Page:Sacred Books of the East - Volume 22.djvu/165

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BOOK II, LECTURE I, LESSON 7. IO5 accept food, &c., which is prepared over the fire ; for such food is impure and unacceptable. The Kevalin says : This is the reason: A layman will kill the fire-bodies, by wetting or moistening, wiping or rubbing, throwing up or turning down the food, &c., for the sake of the mendicant. Hence it has been declared to the mendicants: This is the state- ment, this is the reason, this is the order, that they should not accept food, &c., which has been pre- pared over the fire, &c. This certainly is the whole duty, &c. Thus I say. (10)

Seventh Lesson.

A monk or a nun on a begging-tour should not accept food, &c., which has been placed on a post or pillar or beam or scaffold or loft 1 or platform or roof or some such-like elevated place; for such food fetched from above is impure and unacceptable. The Kevalin says: This is the reason : The layman might fetch and erect a stool or a bench or a ladder or a handmill, get upon it, and getting upon it fall or tumble down. Thus he might hurt his foot or arm or breast or belly or head or some other part of his body; or he might kill or frighten or bruise or smash or crush or afflict or pain or dislocate all sorts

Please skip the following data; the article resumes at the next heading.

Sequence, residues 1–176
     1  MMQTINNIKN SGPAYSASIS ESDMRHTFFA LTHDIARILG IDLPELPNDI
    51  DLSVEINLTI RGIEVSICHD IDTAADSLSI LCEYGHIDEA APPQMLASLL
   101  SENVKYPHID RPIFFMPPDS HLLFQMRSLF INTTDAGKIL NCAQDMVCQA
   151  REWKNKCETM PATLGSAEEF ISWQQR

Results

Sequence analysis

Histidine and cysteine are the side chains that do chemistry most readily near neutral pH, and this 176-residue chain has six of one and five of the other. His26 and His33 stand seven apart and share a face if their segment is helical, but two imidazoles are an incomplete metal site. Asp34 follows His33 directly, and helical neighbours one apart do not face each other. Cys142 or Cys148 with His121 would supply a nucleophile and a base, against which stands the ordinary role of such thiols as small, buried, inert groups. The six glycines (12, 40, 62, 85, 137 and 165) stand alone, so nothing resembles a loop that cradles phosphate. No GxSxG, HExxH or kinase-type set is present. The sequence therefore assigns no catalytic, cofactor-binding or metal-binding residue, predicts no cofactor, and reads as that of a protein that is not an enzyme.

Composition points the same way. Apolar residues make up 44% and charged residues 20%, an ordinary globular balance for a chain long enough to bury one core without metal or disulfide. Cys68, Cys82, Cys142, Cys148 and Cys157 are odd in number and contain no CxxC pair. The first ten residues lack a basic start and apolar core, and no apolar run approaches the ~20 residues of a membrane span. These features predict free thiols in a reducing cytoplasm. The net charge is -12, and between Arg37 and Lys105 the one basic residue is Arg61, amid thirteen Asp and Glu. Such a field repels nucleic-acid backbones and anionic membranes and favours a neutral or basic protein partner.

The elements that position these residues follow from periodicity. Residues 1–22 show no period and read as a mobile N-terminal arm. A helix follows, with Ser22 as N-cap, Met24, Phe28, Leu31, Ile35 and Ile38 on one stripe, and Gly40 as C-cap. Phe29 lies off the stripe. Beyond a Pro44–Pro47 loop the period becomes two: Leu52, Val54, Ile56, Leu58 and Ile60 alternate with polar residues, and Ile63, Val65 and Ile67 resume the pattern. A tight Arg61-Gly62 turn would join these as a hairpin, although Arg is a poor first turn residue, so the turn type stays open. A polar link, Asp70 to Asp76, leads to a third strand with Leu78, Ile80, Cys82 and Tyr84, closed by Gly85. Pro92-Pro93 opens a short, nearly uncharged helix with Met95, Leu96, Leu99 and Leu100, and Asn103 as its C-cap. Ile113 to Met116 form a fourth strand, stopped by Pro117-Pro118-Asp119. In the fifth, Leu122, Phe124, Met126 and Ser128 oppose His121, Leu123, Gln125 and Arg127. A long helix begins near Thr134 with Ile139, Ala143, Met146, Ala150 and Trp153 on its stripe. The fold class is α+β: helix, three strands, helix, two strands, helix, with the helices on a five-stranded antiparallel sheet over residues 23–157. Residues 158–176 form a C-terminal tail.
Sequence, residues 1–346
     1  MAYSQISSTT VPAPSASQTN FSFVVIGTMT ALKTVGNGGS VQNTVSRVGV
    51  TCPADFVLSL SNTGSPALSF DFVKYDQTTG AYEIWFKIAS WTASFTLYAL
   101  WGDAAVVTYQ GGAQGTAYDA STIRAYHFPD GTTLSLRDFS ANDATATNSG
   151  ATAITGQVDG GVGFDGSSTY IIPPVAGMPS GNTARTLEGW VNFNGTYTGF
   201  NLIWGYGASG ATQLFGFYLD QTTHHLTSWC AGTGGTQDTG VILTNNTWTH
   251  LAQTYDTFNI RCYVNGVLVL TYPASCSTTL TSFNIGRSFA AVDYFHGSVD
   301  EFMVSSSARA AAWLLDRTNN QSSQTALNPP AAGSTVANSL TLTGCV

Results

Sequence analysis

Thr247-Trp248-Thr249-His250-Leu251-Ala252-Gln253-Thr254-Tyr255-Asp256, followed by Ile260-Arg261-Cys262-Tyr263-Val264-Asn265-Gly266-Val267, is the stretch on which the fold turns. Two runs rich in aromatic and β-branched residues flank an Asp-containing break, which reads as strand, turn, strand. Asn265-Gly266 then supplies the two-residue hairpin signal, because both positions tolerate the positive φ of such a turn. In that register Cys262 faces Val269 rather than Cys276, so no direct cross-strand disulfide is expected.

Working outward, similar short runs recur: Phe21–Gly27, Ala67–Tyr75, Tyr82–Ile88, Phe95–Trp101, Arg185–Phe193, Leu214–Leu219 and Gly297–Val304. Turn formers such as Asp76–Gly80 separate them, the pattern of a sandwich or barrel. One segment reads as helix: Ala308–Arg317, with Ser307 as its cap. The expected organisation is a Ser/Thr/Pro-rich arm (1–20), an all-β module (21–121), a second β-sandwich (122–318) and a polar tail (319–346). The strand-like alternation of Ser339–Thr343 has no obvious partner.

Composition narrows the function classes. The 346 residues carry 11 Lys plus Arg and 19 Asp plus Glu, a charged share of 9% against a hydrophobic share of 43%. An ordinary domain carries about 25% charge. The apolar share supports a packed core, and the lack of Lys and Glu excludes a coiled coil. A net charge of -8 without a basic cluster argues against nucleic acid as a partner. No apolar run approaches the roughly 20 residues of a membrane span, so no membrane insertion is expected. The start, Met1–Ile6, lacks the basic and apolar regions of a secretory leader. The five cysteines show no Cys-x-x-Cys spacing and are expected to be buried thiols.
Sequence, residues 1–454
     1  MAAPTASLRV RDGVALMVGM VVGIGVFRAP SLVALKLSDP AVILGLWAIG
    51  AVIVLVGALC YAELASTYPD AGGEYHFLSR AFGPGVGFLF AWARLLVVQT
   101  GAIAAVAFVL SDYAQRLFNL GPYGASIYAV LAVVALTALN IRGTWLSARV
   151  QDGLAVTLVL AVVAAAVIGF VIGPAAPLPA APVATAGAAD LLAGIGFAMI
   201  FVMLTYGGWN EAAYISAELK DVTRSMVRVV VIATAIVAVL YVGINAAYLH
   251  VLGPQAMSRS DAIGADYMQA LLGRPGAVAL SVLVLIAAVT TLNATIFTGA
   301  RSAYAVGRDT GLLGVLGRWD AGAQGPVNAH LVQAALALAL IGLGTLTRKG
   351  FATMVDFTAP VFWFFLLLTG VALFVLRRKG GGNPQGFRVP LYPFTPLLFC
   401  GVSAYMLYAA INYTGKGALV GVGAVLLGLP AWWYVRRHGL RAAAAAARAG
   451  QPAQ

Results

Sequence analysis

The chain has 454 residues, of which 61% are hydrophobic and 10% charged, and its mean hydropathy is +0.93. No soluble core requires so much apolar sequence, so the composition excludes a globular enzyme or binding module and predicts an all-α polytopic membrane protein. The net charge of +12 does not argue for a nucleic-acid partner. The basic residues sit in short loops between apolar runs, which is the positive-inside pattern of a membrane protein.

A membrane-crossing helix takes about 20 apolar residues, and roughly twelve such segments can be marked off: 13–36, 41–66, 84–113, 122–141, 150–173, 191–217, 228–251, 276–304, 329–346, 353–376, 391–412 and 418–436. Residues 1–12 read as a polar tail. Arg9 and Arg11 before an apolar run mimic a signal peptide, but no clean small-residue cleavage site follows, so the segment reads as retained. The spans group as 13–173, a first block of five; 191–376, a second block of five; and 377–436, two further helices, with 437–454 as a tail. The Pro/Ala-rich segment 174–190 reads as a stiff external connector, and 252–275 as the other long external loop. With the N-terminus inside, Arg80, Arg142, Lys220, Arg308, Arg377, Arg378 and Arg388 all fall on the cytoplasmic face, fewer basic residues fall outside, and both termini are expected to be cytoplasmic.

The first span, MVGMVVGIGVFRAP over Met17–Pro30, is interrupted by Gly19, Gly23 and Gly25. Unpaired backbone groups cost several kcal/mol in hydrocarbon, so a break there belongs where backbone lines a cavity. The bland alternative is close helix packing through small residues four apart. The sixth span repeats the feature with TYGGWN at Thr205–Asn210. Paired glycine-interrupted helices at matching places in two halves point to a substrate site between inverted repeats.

1 Mâla. The word is not explained in the Tîkâ and Dîpikâ; the Guzerati translation says that the word is lokapratîta, com- monly understood. It is probably the Marâthî mâl or mâlâ; the former word denotes a loft, floored with bamboos; the second, the room formed by overlaying with slight sticks the cross-beams of a house, a loft, an erection or stand in a cornfield, scaffolding (of a building). Molesworth, Maráthí and English Dictionary, s.v. Digitized by VjOOQlC